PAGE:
My friend and colleague Jay Noble just finished an article that he will present this spring at the FATE education conference in St. Louis, entitled "What Contemporary Art Means Today". After reading a draft that he sent to me, I emailed a response. This is an excerpt of what I wrote to him.
I was reading Arthur Danto, and I continue to site his thesis. His view is that the 'narrative' of Art ended in the 60's (and that narrative consistently got more and more aware of itself, culminating in Pop Art - which was the philosophical crown placed on top of the achievement of Modernism). Danto sees liberation in the 'post-narrative of Art' aftermath.
The point you make in your essay, as I see it, kind of ties in with Danto's view. Trends have lost their power. Anyone is free in creative terms, with plenty of physical space and seemingly no more chance for the 'theoretical King of the Hill' game to be impacting the reception of their work to any significant degree.
I believe that the stuff that happened in the 70s, 80s and 90s now looks like it was just the effects of market forces striving for domination - which I guess was causing people to be overtly prejudiced about the work being done at the time. It seems that there is less backlash today against the aims artists take in working through any tradition of their choice, than there was 20 or even 10 years ago. There's no veto power anymore in a situation where everybody can (and is) doing anything.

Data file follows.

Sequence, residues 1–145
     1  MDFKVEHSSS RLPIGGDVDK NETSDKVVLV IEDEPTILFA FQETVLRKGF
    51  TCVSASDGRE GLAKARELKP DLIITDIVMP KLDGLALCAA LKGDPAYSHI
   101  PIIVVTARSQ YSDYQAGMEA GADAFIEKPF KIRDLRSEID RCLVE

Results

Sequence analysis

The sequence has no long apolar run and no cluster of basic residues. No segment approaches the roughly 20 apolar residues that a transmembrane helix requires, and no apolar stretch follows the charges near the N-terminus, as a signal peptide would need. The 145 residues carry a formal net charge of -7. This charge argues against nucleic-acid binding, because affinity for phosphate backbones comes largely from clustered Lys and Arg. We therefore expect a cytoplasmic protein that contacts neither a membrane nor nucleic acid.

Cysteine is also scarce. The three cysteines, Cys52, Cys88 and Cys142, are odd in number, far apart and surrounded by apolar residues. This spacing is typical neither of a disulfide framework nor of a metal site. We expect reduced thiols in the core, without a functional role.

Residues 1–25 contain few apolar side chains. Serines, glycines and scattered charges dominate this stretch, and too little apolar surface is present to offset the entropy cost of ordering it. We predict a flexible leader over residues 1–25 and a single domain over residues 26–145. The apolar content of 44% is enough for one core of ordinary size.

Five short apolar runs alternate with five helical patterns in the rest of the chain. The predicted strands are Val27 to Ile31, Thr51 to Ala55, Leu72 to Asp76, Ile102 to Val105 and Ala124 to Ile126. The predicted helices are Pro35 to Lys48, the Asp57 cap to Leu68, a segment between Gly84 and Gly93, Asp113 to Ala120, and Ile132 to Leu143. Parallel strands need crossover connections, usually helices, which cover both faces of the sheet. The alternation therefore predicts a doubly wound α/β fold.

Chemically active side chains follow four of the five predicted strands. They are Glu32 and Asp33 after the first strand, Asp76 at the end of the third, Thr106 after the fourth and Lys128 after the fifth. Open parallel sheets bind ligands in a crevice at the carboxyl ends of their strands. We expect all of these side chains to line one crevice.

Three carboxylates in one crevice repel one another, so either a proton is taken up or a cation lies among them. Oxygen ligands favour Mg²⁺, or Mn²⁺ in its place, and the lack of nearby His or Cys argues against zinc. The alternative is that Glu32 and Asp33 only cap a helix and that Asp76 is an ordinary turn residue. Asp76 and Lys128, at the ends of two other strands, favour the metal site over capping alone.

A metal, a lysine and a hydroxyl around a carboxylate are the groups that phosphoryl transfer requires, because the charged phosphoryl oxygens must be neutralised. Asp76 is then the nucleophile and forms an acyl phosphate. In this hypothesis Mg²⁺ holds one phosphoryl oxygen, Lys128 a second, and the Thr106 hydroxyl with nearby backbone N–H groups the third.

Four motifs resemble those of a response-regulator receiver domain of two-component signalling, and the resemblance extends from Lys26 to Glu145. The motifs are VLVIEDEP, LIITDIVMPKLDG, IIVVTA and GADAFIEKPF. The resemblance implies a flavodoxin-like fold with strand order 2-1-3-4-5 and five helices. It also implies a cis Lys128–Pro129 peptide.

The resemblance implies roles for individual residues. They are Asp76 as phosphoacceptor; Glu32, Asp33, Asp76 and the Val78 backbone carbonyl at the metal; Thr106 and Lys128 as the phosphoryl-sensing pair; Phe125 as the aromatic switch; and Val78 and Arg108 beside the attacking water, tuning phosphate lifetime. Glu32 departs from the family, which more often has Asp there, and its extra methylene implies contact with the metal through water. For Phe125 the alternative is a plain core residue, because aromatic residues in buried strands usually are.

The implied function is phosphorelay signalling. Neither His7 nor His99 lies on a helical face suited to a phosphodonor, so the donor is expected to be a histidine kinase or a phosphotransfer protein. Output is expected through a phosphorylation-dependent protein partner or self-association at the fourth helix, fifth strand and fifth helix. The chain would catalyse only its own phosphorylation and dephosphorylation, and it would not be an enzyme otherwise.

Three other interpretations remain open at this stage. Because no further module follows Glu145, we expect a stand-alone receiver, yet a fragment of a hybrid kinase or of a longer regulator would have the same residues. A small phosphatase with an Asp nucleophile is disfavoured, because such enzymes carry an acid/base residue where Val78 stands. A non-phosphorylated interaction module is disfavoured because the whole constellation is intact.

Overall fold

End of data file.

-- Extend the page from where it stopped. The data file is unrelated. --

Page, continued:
I'm left pondering. In the future, what are the challenges facing the higher institutions of art education? What is relevant to teach? What will end up being taught? What will constitute a 'complete' education in Art? (There's plenty of room for more essays on that in my opinion).
A big question remains: what is the importance of understanding art traditions (or an intuitive understanding of art history) to making art? Isn't everything becoming its own tradition? This gets into 'what is Art'? Arthur Danto believes that Pop Art successfully gave answers to that conundrum, yet I'm not so sure. I guess that if I do some work in the Philosophy of Art, I would understand Pop Art's answer much better from the inside out.
Meanwhile, there's always tactility to be found.